L’India and Bangladesh are affected by heavy monsoon rains which led to floods causing the death of at least 41 people, according to an initial assessment communicated by the authorities. Floods regularly threaten millions of people in low-lying Bangladesh. But, according to experts, climate change is increasing their frequency, severity and suddenness.
Most of the northeast of the country is under water and troops have been deployed to evacuate residents who find themselves isolated. Schools have been turned into emergency shelters to accommodate residents of villages that were flooded within hours following heavy flooding.
“The whole village was under water on Friday morning and we all got stuck,” said Lokman, whose family lives in the village of Companyganj. “After waiting all day on the roof of our house, a neighbor rescued us with a makeshift boat. My mum said she had never seen such flooding in her entire life,” the 23-year-old added. Asma Akter, another woman rescued from the rising waters, said her family could not eat for two days. “The water rose so fast that we couldn’t take any of our things,” she testified.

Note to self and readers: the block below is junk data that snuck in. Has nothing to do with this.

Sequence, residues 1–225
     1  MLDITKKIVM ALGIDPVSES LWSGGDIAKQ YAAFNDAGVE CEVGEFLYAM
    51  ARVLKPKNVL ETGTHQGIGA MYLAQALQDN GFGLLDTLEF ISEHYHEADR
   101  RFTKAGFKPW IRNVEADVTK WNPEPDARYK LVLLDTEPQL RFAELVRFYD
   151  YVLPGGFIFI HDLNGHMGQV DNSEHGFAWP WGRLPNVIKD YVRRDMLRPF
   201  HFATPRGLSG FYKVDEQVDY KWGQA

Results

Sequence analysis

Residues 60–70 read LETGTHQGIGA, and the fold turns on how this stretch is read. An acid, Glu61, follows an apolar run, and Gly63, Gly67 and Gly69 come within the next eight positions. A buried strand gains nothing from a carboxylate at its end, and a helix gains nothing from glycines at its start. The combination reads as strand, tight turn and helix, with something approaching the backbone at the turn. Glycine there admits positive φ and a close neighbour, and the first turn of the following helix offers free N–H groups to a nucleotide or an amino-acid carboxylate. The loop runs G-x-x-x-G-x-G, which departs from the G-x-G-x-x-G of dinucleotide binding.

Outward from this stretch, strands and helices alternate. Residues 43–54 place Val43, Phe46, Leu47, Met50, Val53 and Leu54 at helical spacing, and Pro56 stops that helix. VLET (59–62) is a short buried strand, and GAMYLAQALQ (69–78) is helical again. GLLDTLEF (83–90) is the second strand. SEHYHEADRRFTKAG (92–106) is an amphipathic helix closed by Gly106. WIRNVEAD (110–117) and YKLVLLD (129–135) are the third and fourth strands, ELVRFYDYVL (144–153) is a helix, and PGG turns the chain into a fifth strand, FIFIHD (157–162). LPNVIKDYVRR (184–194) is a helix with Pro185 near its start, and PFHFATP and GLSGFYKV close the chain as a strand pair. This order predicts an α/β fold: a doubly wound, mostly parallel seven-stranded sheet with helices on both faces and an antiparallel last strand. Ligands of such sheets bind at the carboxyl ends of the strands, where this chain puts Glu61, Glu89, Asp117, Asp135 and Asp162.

Lightning and thunderstorms
Accompanying thunderstorms have killed at least 21 people in Bangladesh since Friday afternoon, police officials told Agence France-Presse. Among them, three children aged 12 to 14 were beaten in the town of Nandail on Friday, local police chief Mizanur Rahman said. Four other people were killed in landslides in the port city of Chittagong, police inspector Nurul Islam told Agence France-Presse.
At least 16 people have died since Thursday in India’s northeast state of Meghalaya as landslides and heavy flooding submerged roads, Prime Minister Conrad Sangma said on Twitter. minister of that state. In neighboring Assam state, more than 1.8 million people have been affected by flooding after five days of relentless rain.
Worsening of the floods predicted
The state’s premier, Himanta Biswa Sarma, told reporters that he had asked district officials to provide “all necessary aid and relief” to those affected by the floods. On the flood front, the situation worsened on Saturday morning after a temporary respite from the rainfall on Friday afternoon, Mosharraf Hossain, chief administrator of the government of the Sylhet region, told Agence France-Presse. “The situation is bad. More than four million people have been stranded by the floods,” Mosharraf Hossain said, adding that almost the entire region is without power.
Floods forced Bangladesh’s third international airport, located in Sylhet, to close on Friday. According to the weather forecast, the floods will worsen over the next two days due to heavy rainfall expected in Bangladesh and northeastern India. Before this week’s rains, the Sylhet region was just recovering from the worst flooding it had seen in almost two decades at the end of May. They killed at least ten people and affected four million people.